Did I tell you the film's title yet? Sorry, I missed the most important part. It's actually called POM Wonderful Presents: The Greatest Movie Ever Sold. The "plot" of the movie is that Spurlock wants to illustrate the absurdity of the current commercial climate by having his movie funded entirely by sponsors — who eventually include such brands as Hyatt, JetBlue, Old Navy, Merrell, and Sheetz (POM bought the rights to be an above-the-title sponsor). Will doing so, and including their products in the film in various obvious and not so obvious ways, make him a sell-out, or will he be able to subvert the concept enough to maintain his integrity? Interviews with Ralph Nader and other consumer experts are peppered throughout as counsel to Spurlock and commentary to the audience. Spurlock also travels to Sao Paulo, Brazil, where outdoor advertising was recently banned, Coral Springs, Fla., where advertisements are hung on high school ball fields and in school buses, to make his point.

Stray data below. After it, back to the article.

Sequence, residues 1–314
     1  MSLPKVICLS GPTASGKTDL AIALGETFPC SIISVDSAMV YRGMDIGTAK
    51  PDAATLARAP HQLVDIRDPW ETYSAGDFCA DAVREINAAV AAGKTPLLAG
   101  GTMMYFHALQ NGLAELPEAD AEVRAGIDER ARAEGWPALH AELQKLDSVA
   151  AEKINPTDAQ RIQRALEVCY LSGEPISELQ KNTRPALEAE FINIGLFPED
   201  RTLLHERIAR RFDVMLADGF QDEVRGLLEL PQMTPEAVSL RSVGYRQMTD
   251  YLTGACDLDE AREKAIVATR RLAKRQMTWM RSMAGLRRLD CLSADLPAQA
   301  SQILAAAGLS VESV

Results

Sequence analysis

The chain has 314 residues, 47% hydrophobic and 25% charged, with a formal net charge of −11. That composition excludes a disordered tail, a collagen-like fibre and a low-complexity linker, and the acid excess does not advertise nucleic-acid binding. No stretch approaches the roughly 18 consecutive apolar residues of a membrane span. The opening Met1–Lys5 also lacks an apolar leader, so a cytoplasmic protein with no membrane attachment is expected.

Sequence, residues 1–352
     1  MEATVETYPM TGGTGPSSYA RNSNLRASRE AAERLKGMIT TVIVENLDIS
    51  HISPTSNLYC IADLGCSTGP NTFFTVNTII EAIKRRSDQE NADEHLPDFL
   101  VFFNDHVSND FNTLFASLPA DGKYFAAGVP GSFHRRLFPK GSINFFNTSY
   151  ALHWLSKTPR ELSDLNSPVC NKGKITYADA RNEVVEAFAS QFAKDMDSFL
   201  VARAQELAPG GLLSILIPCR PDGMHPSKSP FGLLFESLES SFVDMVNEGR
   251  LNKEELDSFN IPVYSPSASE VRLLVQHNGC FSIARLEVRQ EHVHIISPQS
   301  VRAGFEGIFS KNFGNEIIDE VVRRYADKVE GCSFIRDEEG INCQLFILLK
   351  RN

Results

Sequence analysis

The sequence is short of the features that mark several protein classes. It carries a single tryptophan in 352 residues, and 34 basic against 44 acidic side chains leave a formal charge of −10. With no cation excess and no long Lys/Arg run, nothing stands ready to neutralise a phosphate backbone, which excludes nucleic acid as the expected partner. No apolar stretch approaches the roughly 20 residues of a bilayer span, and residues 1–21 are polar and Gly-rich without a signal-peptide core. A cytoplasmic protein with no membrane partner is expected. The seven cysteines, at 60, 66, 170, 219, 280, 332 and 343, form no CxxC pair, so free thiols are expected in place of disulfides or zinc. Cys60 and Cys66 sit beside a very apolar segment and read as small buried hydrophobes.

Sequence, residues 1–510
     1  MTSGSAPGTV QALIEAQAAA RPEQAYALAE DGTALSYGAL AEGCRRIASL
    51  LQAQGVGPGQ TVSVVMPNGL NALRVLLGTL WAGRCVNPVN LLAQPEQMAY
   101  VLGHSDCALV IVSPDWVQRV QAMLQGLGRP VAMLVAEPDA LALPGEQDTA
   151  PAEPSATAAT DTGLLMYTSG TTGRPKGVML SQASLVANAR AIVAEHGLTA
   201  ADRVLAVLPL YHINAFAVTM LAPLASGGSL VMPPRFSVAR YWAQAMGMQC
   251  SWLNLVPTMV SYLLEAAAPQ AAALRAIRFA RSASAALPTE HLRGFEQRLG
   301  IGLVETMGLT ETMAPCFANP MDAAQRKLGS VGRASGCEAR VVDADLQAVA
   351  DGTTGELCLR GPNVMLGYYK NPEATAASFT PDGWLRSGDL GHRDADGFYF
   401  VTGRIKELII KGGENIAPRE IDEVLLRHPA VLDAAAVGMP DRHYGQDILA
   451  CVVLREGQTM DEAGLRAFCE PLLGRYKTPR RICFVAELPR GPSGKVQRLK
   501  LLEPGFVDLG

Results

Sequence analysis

But what is that point? Other than the laughs and the digs at Spurlock's sponsors (and those who spurned him), there's not much to be gained by seeing Greatest Movie. That brands are hungry to put their name and logo wherever it'll get eyeballs isn't exactly revelatory. And it's not exactly ironic that in satirizing how blurry the lines are between content and marketing, Spurlock becomes a marketer himself. After all, money talks. When he plasters his image around Coral Springs High School because the school is short on funds, it's both amusing and sad. What are we, the viewers, to take away from all this? Resignation, at best. Advertising isn't going away any time soon. As Nader says, the only way to escape it is to sleep.
The tragedy for me is that lost in the film's larger message is the insightful answer a shop owner in Sao Paulo gives Spurlock when asked how he's marketing his store differently now that he can't put up advertisements. He says he relies on a great product and word of mouth, and that it's working. That's because those concepts and a notable customer experience are what cut through all the advertising and marketing noise these days. So on that note, I'm going to tell you to disregard all the TV commercials you may see for this film and listen to me. I give Greatest Movie a B; it's entertaining, but not as insightful as it could have been.